Sunday, June 5, 2016

Dell Water Dating Games

     Yesterday I had a fully packed day of fun. On my to-do list was to gather and procure camping gear for a trip I am taking with my husband and friends to volunteer on the Colorado Trail- this involved a trip upstate and to campmor (the coolest store ever) in Jersey, I also planned to volunteer counting and tagging horseshoe crabs in the evening, and then to meet with friends for (delicious) margaritas into the late hours of the night. So I managed to squeeze in a short adventure into Green-Wood Cemetery before my to-do list began.
     To say the least, there were some mating and dating happenings in and around the Dell Water. I'll let the pictures do the 'splaining, but I warn you there are copious photos of turtles getting randy, enjoy!
I arrived at the Dell Water and heard loud splashing and as I got closer, saw two large dinosaur-like creatures battling just below the surface. I was pleased to see two Common Snapping Turtles flirting, going through the romantic motions that snapping turtles usually do.
It begins with some face-to-face time. Below the surface they are moving their heads around, a mean of communicating their intentions to court and reproduce. This is basically as sweet as snapping turtle dating gets...
Once they have exchanged bobbing and swaying heads, they wrestle, often with nips to the face and neck, appearing to embrace, as they roll around in the water.
You can see the pink on the snout and face of this turtle, probably raw from some "loving" nips from the other turtle, just a tad bit smaller than this one.
This provided a very cool opportunity to see parts of the turtle that are normally hidden below the surface... their olive-colored undersides, their plastron (the "belly" shell), all four of their feet (and the claws that adorn them), and their long, dinosaur-like tail.

The other turtle seems to be given the larger one a run for its money, with the numerous nicks it has to its face. 
The plastron (bottom shell) of the snapping turtles are not large at all, they are quite small, leaving lots of exposed skin. It appears leeches have taken advantage of that extra skin, as you can see, those little brown guys attached to the skin, next to the shell.
There was audible hissing from these individuals when they surfaced.
In due time the male will mount the female to mate. The female is fascinating, she can "hold on to" sperm and store it for some time and then utilize it when the time is right. There also is no defined mating season for these turtles, they do it when cues from the environment feel right. Most of these turtles and other species are laying eggs now through late June, often confusing the average person. It's likely that if you see a turtle far from water, its a female looking for a suitable place to lay eggs. Don't put her back in the water, turtles are tenacious and have a plan that they stick to, when it comes to traveling. If they are crossing a road, you can help them, if it is safe for both of you, and help it across in the direction it is traveling. Never pick snapping turtles up by the tail, or at all, if you do not know how to handle them. If you are truly concerned, or in doubt, you should contact your local wildlife rehabilitator.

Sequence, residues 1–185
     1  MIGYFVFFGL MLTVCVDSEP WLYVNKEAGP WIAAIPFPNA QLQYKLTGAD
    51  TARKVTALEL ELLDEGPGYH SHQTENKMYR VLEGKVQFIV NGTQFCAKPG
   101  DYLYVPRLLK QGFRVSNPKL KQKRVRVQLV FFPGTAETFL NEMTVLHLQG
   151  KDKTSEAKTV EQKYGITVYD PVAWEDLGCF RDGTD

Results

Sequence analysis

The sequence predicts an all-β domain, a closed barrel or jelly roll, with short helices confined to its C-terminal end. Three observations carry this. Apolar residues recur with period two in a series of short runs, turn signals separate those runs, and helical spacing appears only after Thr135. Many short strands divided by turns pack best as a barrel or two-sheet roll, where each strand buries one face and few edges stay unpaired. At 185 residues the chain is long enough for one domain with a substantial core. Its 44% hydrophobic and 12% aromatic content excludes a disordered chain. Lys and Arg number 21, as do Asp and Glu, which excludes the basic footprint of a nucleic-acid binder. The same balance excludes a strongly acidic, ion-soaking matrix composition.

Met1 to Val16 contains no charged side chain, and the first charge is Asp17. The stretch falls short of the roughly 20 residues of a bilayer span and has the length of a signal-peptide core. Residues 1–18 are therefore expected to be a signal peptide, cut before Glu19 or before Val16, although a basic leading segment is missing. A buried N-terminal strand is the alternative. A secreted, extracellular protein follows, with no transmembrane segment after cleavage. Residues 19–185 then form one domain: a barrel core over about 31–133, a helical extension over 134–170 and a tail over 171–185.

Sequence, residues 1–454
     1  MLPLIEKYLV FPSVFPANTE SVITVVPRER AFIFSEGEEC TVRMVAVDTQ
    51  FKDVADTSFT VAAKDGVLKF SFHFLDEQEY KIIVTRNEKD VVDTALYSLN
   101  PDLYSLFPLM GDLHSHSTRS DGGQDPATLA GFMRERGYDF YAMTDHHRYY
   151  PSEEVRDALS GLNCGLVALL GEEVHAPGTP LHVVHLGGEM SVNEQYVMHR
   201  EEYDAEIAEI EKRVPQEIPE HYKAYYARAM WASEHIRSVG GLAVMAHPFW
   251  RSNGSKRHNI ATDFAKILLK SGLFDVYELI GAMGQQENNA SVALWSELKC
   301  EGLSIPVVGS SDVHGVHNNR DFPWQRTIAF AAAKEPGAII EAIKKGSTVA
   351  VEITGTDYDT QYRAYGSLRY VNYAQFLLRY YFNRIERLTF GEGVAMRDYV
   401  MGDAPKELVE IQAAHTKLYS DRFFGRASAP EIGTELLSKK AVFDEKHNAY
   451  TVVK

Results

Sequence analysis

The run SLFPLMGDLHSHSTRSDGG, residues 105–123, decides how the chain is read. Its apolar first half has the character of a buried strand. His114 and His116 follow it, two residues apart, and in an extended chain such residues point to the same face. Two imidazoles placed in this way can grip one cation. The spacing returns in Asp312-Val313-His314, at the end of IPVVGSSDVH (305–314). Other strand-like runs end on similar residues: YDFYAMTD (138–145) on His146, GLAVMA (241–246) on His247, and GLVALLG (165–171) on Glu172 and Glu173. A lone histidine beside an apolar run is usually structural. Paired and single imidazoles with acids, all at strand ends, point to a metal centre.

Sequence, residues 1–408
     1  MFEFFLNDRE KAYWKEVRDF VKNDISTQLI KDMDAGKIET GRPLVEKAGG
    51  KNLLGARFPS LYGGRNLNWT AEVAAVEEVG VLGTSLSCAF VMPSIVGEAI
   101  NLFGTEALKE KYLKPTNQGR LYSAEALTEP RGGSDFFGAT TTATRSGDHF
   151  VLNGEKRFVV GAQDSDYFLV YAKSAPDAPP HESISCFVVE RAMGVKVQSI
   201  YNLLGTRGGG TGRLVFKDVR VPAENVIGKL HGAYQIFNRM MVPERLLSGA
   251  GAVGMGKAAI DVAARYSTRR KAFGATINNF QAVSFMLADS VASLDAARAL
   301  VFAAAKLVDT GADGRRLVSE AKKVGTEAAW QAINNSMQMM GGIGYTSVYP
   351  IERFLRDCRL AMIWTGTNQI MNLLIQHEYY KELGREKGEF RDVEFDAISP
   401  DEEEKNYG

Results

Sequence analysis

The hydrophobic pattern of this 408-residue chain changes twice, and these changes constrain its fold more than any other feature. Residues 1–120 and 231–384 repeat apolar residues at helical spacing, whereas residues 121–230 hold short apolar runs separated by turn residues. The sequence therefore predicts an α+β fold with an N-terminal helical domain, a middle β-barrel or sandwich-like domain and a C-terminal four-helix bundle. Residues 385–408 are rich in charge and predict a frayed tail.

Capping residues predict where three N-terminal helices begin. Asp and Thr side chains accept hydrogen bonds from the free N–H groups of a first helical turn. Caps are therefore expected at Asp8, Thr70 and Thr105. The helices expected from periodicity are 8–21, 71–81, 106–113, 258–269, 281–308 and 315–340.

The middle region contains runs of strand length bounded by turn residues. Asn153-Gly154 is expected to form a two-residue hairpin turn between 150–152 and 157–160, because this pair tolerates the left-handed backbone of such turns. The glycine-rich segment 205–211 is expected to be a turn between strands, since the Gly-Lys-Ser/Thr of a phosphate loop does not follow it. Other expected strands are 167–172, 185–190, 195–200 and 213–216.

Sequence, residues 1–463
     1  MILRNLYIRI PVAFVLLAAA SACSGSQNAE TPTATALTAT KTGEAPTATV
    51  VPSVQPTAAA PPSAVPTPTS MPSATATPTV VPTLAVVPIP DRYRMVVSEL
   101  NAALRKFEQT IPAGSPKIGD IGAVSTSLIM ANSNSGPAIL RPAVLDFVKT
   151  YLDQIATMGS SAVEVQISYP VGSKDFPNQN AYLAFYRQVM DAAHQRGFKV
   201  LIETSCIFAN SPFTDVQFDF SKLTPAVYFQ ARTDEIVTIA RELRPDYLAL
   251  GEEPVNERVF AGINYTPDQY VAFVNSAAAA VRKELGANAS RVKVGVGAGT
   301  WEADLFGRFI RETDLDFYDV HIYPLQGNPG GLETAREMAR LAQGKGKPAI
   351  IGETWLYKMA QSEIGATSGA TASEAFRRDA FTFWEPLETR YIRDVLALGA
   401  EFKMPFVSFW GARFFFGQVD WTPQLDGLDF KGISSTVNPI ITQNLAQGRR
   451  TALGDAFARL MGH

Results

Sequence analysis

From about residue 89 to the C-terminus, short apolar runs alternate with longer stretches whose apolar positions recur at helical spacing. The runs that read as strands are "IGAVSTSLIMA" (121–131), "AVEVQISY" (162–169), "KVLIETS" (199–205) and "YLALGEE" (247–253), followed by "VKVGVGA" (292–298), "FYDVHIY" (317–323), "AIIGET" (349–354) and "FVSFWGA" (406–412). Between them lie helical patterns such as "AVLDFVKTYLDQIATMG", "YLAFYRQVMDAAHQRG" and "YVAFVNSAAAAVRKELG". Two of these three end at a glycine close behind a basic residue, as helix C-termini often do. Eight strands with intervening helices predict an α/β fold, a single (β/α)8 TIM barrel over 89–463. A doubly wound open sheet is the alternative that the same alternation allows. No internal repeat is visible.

And in case you are interested, I also have the moving picture version of the above...


The green herons were also vocalizing, at one point two were on the Dell Water and one was displaying, lowering its head, raising it feather, and making some comical noises.
I also visited the great egret who frequents the Crescent Water (just next to the Dell Water). He/she was actively snatching minnows from the water.
Oh yeah, I LOVE egrets- so there are a lot of him/her. Egrets look the same, whether male or female, so it's hard to say what this bird is.
I love the concentration and commitment they have to the hunt- totally in the zone.


Oh yeah, they are totally adorable and alien head on.
I am not a believer in angels and stuff like that, but I'd like to think that egrets inspired the wings people put on angelic figures. Seriously, they are so gorgeous and stunning in flight. 
A green heron was actively fishing on the opposite shore, it seemed the egret wanted to try its luck there.
Displacing the green heron, who is a bit more comedic in its a appearance in flight...
Setting for a new location. This is the "mate" to the green heron on the Dell water in the next few photos below-
When they are hunting and you find an acceptable distance to observe, it gives a lovely opportunity to watch them acting as they should. It is so important to give wildlife an appropriate distance when you are observing them.

Not sure how easy it is to fish from that rock, he was not really looking to try a different location.

I really like herons, they are so handsome, and the petite green heron is gorgeous, especially when you catch them in the sunlight.